But the dramatic tax cutting doesn't appear to have done nearly as much for job growth as promised.
The Milwaukee Journal Sentinel says that Wisconsin ranked 35th of the 50 states in job growth during the first three years of Scott Walker's term, and dead last among its immediate neighbors, including, Minnesota, Illinois, Indiana, Iowa, Michigan and Ohio.
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Kansas hasn't fared much better. According to the Center on Budget and Policy Priorities, the state's rate of job growth has lagged the national average since Brownback's tax cuts took effect.
North Carolina, at least, matched the national average in job creation in 2013. But the total number of jobs added to the state's economy in the second half of the year – when the tax cuts went into effect, was actually smaller than the total number added in 2012.
In fact, there's not a lot of academic consensus about the real impact of tax rates on job creation. While the prima facie case that lower taxes boosts job creation seems strong, there are secondary effects from cutting taxes that may reduce a state's attractiveness to businesses.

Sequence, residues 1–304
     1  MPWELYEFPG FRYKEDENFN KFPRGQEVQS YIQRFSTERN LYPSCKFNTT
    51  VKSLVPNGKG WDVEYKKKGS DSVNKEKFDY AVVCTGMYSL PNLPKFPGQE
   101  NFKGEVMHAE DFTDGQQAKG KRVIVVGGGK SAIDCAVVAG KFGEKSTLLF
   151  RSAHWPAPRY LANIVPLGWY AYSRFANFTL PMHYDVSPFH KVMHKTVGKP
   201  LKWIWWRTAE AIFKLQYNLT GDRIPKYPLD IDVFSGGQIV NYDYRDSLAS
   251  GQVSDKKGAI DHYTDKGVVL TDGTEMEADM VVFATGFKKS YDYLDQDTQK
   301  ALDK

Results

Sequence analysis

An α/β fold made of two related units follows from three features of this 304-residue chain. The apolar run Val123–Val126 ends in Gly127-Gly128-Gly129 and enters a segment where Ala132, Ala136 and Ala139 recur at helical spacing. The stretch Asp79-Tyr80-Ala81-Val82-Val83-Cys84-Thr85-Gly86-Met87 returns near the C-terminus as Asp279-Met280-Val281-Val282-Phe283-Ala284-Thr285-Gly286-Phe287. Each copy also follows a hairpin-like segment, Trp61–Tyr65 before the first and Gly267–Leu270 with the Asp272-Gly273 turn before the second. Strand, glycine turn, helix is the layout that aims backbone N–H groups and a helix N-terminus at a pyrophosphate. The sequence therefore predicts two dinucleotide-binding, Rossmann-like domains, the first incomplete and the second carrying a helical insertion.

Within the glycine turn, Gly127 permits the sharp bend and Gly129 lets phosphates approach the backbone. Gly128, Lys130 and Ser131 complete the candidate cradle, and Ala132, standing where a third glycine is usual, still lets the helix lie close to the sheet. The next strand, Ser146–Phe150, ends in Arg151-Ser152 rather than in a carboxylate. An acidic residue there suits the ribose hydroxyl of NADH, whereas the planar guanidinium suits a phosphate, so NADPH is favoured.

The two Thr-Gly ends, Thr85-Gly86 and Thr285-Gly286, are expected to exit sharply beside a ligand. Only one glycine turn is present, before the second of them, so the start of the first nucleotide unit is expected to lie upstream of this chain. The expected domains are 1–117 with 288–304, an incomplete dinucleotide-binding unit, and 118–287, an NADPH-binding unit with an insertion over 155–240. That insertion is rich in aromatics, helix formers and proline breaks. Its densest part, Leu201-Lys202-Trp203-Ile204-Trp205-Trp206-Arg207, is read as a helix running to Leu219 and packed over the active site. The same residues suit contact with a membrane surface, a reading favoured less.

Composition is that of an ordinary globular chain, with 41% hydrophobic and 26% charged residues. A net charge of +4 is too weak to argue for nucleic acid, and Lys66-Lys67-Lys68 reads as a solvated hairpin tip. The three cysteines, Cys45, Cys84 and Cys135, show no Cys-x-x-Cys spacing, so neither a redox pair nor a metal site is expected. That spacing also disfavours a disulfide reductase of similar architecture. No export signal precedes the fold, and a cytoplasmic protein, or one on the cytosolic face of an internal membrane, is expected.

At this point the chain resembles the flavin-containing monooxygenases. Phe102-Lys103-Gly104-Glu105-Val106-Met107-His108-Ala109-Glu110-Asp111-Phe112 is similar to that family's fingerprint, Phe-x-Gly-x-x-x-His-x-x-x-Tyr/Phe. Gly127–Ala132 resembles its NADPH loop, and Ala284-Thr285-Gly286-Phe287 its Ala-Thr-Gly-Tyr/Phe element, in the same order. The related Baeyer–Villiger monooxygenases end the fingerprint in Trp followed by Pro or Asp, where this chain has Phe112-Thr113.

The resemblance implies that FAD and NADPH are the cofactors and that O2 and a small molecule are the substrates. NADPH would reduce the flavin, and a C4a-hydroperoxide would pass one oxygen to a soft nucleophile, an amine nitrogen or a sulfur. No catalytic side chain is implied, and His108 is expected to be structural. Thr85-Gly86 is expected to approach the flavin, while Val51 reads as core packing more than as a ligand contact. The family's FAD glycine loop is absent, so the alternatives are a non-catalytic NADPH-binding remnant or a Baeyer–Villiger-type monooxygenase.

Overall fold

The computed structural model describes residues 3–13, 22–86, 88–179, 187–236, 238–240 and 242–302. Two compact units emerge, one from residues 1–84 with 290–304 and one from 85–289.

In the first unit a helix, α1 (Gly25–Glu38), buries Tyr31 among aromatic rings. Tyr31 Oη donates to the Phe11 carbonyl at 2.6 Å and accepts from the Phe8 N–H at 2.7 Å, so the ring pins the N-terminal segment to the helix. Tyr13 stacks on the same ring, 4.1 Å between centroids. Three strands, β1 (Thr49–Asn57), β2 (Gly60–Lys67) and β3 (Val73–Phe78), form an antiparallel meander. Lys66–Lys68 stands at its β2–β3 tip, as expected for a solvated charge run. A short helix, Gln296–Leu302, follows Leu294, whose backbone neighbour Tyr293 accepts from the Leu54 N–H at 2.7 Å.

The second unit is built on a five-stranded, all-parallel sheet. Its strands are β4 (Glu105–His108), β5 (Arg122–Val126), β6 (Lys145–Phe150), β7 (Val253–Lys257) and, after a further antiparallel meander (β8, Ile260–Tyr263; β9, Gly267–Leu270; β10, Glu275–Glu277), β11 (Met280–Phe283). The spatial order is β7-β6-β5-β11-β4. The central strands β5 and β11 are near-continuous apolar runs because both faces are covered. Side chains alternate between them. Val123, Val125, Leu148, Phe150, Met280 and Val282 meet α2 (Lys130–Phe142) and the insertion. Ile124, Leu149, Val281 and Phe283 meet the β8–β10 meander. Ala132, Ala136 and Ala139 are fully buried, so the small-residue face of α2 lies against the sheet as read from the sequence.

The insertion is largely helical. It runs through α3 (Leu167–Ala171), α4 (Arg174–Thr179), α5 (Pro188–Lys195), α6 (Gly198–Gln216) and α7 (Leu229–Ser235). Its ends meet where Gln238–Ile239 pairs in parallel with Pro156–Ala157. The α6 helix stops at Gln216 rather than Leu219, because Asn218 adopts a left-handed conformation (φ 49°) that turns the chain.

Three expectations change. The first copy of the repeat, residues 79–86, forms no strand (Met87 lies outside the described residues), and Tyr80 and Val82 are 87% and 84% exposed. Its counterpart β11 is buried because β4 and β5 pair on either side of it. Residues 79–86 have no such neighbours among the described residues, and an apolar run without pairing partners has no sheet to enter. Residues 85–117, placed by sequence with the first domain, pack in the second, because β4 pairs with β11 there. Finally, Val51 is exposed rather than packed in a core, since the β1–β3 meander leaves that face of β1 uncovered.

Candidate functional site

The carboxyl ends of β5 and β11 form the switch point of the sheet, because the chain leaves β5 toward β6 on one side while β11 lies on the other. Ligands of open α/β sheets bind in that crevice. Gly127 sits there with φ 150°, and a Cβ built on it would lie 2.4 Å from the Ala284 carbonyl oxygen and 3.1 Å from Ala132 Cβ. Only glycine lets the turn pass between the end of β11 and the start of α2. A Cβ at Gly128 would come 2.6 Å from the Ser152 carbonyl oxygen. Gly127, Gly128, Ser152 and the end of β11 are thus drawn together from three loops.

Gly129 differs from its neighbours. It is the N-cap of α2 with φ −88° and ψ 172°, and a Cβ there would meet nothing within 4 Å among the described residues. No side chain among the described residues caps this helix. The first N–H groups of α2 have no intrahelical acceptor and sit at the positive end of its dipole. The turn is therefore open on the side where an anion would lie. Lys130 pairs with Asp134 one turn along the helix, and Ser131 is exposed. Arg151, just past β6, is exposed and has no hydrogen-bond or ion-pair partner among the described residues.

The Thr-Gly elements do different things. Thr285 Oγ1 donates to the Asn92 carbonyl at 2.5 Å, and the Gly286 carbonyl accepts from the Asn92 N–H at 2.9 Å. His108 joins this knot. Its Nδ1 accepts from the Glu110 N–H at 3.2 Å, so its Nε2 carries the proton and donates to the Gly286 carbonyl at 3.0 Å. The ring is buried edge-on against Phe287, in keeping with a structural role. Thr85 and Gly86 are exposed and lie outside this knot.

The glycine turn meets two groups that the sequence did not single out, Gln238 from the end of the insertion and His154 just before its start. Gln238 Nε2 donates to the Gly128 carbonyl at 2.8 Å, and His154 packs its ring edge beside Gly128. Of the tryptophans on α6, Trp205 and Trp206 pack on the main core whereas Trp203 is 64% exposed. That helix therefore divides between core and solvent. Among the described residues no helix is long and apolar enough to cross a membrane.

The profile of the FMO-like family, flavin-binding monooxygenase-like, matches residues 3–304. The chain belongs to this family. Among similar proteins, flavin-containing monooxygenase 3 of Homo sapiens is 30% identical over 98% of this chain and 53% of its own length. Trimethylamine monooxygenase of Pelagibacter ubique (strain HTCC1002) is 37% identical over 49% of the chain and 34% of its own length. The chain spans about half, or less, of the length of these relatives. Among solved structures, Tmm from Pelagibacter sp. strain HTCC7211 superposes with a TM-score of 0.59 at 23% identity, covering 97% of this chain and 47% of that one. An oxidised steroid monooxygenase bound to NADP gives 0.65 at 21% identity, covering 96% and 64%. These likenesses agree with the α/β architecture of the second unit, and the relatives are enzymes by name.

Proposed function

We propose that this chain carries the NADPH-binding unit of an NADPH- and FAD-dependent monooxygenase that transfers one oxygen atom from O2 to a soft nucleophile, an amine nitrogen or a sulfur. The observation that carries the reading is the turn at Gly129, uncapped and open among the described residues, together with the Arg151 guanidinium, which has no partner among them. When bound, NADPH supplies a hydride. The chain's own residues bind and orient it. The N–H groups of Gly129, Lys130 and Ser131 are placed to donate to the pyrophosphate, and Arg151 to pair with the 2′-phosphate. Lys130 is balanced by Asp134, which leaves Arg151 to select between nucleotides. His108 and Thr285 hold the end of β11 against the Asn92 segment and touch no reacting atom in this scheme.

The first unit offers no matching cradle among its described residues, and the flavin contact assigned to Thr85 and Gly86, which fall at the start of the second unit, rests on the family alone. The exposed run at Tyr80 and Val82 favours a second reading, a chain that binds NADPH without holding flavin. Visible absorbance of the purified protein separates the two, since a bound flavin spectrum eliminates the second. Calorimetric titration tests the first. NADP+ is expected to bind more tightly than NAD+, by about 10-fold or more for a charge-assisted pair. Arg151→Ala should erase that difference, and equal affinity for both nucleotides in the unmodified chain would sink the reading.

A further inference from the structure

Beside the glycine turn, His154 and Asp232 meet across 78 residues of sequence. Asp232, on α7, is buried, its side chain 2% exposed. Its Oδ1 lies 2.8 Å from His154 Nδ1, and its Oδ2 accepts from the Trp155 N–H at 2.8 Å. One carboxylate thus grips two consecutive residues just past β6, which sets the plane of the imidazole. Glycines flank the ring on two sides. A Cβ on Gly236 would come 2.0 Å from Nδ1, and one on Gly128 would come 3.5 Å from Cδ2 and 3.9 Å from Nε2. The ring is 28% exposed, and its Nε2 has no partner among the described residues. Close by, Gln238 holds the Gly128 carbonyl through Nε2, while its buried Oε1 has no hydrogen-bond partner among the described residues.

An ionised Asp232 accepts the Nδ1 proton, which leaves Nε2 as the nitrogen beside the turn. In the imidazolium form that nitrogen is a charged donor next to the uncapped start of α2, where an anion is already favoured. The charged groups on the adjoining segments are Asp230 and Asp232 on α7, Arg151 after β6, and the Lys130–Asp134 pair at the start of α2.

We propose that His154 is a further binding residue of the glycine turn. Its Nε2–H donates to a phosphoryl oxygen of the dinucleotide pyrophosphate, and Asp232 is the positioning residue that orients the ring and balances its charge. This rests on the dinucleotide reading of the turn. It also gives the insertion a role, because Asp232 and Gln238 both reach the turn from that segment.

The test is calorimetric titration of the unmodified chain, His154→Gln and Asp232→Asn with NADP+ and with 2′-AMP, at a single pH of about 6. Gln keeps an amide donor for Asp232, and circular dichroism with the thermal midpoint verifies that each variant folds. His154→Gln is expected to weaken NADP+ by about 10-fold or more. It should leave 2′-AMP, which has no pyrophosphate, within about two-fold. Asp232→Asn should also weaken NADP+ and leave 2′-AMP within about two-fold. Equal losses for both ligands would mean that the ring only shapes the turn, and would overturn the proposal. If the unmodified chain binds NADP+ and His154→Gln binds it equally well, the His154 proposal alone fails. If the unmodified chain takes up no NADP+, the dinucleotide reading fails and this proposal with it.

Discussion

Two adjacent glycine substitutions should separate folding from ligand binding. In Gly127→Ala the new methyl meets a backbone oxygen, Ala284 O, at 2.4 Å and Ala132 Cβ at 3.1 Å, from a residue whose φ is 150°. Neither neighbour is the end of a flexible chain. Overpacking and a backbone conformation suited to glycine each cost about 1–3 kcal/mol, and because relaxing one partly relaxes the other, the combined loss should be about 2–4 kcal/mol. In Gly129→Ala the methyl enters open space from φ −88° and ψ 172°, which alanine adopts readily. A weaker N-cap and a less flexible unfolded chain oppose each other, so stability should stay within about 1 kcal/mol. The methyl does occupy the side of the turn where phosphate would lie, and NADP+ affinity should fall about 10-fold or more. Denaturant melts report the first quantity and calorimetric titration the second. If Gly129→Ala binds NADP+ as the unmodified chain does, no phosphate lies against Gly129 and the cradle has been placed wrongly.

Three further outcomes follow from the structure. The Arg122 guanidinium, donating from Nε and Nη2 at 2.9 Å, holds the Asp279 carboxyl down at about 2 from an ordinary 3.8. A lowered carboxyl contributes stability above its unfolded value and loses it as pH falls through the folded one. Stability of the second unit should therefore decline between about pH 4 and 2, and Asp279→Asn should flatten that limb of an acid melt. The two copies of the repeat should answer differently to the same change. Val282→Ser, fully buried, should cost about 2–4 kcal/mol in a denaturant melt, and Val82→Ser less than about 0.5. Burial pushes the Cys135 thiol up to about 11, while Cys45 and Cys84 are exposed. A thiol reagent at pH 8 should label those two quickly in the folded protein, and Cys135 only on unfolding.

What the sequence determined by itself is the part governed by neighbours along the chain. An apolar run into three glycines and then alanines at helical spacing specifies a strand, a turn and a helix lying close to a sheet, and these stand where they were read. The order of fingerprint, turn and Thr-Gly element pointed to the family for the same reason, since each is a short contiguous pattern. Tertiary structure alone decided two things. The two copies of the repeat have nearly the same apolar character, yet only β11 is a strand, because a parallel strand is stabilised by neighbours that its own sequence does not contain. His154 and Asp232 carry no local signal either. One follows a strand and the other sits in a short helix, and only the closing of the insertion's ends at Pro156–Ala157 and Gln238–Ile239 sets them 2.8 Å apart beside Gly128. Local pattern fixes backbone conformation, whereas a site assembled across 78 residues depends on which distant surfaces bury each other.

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Kansas, for example, has cut funding for education and infrastructure – both potential negative factors for businesses looking for a high-skilled workforce and reliable public services.
"Organizations advocating lower and less progressive taxes can find some studies by reputable economists that find that above-average state and local taxes have a measurable and consistently adverse impact on state economic performance," writes CBPP's Michael Mazerov. "However, many equally reputable studies reach the opposite conclusion, and the results of many more are mixed, ambivalent, or show that any adverse impacts are small. There is simply no consensus whatsoever that cutting taxes is a good strategy to boost state economic growth and create jobs."
— By Rob Garver, The Fiscal Times